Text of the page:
"I'd like to know that I have a chance to protect myself and protect my kids."
The number of Second Amendment sanctuaries across the U.S. has nearly doubled within the last two months, according to gun rights group Gun Owners of America.
In a Jan. 7 release, the group said, "Over 418 counties, cities, and towns have passed SASOs or sanctuary resolutions in 21 separate states." That's up from 240 sanctuaries in 19 states on Nov. 18.
That increase is pronounced in a state like Virginia, where counties and cities have recently declared themselves Second Amendment sanctuaries.
"By a vote of 6-4, you have adopted the resolution."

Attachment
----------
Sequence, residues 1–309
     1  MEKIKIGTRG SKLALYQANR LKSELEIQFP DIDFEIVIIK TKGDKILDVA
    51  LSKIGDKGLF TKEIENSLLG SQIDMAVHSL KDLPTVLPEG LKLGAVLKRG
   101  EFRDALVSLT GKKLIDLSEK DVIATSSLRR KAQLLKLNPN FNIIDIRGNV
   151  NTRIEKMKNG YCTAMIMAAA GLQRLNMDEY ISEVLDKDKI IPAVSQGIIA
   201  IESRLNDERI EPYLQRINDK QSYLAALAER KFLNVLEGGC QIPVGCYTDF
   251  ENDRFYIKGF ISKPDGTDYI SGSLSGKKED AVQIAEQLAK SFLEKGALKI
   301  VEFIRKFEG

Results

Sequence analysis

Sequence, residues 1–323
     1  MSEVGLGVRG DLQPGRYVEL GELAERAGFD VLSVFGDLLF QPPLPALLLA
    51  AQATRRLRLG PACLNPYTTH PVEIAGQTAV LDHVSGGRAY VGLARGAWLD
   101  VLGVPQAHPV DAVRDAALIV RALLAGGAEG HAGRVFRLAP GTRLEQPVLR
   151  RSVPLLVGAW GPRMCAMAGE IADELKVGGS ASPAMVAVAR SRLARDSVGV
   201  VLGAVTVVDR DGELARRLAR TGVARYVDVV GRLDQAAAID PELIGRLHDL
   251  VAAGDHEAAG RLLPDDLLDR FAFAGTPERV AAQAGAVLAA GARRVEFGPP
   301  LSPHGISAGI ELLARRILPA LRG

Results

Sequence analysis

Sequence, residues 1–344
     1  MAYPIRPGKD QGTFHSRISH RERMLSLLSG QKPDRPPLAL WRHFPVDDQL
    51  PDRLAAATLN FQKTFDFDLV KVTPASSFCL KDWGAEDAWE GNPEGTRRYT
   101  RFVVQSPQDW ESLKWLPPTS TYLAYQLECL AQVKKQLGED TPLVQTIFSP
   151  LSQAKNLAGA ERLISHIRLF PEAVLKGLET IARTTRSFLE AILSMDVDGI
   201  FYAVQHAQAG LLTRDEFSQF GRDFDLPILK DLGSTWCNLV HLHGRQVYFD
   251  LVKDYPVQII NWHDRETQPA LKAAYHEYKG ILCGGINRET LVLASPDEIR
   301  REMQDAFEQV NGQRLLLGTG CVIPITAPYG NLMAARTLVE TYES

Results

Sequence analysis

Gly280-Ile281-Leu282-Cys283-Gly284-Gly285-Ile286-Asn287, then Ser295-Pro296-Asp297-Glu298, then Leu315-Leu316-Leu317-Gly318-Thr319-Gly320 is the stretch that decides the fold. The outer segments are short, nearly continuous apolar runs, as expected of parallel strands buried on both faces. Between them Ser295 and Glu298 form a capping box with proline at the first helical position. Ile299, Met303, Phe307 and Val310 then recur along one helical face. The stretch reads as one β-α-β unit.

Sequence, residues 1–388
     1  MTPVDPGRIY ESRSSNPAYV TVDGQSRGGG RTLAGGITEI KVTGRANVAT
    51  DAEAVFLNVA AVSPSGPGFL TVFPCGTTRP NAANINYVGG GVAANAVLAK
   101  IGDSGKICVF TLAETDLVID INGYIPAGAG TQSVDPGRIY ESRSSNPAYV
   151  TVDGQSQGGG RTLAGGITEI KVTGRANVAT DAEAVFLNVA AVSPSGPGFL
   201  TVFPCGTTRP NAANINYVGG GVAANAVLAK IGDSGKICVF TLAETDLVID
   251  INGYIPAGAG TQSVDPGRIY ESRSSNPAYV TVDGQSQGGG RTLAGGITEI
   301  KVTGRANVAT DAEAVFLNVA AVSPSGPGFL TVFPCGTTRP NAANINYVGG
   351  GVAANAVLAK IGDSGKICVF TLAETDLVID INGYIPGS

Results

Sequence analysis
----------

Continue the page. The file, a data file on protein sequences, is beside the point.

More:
On Monday night, the Virginia Beach City Council passed a Second Amendment sanctuary resolution, joining more than 100 other localities in the state. That vote comes about seven months after a gunman killed 12 people at a Virginia Beach municipal building.
But the Virginians who support these sanctuaries stand in contrast to how most Virginians actually feel about gun laws. According to a new poll from Virginia Commonwealth University, large majorities of Virginians support "red flag" laws, expanded background checks and limits on gun ownership for people who are mentally ill.
The state's attorney general has said that Second Amendment sanctuary declarations won't have any "legal effect," but at least one Virginia sheriff has said he won't enforce existing gun laws in his county.
Democrats in Virginia say gun legislation will be a top priority during the upcoming General Assembly session, which begins Wednesday, Jan. 8.